Defendant admits that he arrived in the United States in 1992 with no travel documents. After failing to report for deferred inspection, he filed an asylum application in March 1993 under the name “Joga Singh.” That application was referred to immigration court. After appearing in immigration court, Defendant failed to appear for his merits hearing in January 1998, and the immigration judge ordered him excluded and removed in absentia. Defendant admits that while in exclusion proceedings, he filed an asylum application in November 1996 under the name Joginder Singh, in which he listed different factual information concerning himself, his family, and his date and place of arrival in the United States than he listed in his 1993 asylum application under the name Joga Singh. Defendant was granted asylum under the name Joginder Singh and he subsequently adjusted his status to permanent resident and, in 2012, was naturalized as a U.S. citizen. During his naturalization process, Defendant never disclosed that he had applied for asylum, been in exclusion proceedings, or that he had been ordered excluded under the name “Joga Singh.” Defendant admits prior to his admission as a permanent resident, he had sought to procure an immigration benefit by fraudulently or willfully misrepresenting material facts. Defendant admits at the time he obtained his permanent resident status he was inadmissible pursuant to 8 U.S.C. § 1182(a)(6)(C)(i) for seeking asylum by fraud or willfully misrepresenting material facts. In addition, Defendant admits that he was in exclusion proceedings at the time that he was granted asylum, and that he was therefore substantively ineligible to be granted asylum outside of the context of his exclusion proceedings.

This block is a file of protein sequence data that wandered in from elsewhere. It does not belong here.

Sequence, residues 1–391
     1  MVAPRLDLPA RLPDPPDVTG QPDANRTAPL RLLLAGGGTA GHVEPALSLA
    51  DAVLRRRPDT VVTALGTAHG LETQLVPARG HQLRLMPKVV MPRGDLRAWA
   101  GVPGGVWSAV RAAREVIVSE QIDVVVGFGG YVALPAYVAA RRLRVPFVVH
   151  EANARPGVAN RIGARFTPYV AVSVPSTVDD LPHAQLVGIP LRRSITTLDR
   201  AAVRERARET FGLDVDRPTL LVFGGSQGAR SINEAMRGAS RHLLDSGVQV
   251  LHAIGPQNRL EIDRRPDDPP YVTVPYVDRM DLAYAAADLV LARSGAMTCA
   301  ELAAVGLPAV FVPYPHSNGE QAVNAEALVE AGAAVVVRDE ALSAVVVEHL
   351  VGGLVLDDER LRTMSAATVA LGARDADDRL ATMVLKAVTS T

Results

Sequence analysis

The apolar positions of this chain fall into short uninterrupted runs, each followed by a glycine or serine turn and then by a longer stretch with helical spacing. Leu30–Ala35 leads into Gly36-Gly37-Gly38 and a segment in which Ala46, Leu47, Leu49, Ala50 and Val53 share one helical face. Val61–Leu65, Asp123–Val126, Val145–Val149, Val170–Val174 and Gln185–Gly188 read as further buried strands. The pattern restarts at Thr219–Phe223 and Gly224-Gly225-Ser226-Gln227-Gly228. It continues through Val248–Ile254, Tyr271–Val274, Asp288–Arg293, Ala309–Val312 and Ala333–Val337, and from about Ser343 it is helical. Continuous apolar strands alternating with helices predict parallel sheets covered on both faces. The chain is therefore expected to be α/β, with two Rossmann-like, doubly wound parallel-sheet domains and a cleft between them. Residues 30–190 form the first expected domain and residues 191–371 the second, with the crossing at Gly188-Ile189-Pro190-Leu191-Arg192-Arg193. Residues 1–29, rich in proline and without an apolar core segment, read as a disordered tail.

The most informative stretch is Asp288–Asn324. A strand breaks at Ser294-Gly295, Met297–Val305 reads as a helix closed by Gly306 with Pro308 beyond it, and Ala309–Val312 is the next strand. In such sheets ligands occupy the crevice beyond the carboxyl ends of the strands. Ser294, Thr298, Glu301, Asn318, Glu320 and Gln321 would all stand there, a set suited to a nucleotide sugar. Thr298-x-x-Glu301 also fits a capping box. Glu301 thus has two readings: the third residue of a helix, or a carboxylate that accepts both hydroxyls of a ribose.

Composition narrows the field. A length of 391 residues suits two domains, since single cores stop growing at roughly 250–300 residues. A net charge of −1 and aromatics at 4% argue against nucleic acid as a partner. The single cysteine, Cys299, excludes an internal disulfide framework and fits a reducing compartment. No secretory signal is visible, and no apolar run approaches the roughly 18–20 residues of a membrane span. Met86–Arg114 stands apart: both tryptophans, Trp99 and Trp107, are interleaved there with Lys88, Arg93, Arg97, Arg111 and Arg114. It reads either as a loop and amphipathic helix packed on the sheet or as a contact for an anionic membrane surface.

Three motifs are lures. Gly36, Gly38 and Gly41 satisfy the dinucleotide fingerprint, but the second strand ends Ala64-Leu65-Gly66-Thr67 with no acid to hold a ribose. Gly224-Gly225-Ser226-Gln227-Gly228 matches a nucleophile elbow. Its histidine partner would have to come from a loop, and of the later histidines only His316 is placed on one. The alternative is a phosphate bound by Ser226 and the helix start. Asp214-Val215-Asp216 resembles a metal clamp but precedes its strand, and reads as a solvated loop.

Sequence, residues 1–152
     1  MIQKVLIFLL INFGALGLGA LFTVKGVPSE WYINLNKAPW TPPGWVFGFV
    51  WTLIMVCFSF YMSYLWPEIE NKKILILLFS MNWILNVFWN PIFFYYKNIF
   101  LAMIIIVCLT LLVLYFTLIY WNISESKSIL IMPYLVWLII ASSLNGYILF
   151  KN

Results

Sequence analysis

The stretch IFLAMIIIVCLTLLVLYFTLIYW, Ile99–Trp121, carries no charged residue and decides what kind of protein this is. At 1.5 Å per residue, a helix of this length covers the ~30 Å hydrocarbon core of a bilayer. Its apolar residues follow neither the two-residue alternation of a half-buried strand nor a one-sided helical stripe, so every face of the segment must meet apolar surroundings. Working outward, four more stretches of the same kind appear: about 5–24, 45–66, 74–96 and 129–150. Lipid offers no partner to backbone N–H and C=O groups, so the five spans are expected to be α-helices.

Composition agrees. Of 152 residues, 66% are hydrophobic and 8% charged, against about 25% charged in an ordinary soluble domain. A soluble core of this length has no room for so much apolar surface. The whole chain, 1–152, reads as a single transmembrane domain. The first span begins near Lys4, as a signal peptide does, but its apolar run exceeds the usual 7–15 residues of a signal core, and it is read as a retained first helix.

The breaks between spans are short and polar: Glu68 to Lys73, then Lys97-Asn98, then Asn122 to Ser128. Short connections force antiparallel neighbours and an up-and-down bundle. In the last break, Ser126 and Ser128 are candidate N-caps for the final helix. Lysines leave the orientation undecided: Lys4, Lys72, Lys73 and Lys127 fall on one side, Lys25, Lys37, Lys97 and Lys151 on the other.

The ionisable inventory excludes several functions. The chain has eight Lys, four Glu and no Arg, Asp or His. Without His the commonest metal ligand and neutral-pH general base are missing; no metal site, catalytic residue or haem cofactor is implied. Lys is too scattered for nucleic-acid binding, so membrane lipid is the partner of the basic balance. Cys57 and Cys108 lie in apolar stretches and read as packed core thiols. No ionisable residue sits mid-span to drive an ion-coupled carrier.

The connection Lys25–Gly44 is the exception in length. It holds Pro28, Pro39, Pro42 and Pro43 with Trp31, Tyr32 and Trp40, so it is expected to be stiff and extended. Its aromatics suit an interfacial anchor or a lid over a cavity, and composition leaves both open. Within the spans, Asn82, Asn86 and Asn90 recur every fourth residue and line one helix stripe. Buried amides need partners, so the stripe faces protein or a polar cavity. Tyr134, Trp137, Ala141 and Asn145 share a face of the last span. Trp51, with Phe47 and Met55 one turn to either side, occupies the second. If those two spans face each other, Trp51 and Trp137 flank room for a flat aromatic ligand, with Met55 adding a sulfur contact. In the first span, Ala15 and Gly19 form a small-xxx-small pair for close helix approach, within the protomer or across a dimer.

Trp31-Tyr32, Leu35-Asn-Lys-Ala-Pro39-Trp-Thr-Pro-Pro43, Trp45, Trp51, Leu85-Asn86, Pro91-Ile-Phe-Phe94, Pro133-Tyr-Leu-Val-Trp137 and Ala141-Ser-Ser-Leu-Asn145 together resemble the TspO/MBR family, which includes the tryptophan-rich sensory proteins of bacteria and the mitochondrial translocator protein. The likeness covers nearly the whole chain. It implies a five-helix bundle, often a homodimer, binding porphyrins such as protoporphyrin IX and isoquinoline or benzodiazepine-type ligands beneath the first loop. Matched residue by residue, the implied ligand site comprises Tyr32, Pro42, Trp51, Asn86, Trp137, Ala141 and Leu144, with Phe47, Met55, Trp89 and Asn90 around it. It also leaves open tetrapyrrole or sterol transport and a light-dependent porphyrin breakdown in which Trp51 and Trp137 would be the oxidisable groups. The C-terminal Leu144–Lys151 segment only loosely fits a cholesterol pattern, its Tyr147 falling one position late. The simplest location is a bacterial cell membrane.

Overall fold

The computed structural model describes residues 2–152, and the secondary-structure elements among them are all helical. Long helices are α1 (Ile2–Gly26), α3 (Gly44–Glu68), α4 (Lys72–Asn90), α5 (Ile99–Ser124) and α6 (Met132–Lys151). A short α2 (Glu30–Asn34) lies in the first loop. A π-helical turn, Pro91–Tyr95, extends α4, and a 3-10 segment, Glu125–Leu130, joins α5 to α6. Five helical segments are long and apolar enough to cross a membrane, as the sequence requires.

Pursuant to 8 U.S.C. § 1451(a), this Court must revoke Defendant's naturalization and cancel his Certificate of Naturalization if his naturalization was either illegally procured, or procured by concealment of a material fact or willful misrepresentation. Defendant admits that his naturalization was illegally procured because he was never lawfully admitted for permanent residence as alleged in Counts II and IV of the Complaint. Compl. ¶¶ 69-77 & 85-95.

         In light of the facts alleged in Counts II and IV of the Complaint, which Defendant admits are true, Defendant, having fully discussed the case with his counsel, [1] agrees with Plaintiff that denaturalization is proper and to avoid delay, uncertainty, inconvenience, and expense of further litigation does not wish to further contest denaturalization. Accordingly, Plaintiff and Defendant jointly move this Court for an order providing the relief requested in the attached proposed Consent Judgement of denaturalization. The Parties also jointly request the Court to set a hearing for approximately 21 days from the effective date of the judgment at which Defendant must demonstrate that he has complied with the Judgement, unless the United States provides notice that Defendant has folly complied and the Judgment is Satisfied.

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Notes:

[1] Defendant's counsel, Michael J. Thoren, herein certifies that he has fully discussed this Joint Motion for Consent Judgment and the proposed Consent Judgment of Denaturalization with his client, the Defendant, and that the Defendant has read, fully understands, and ...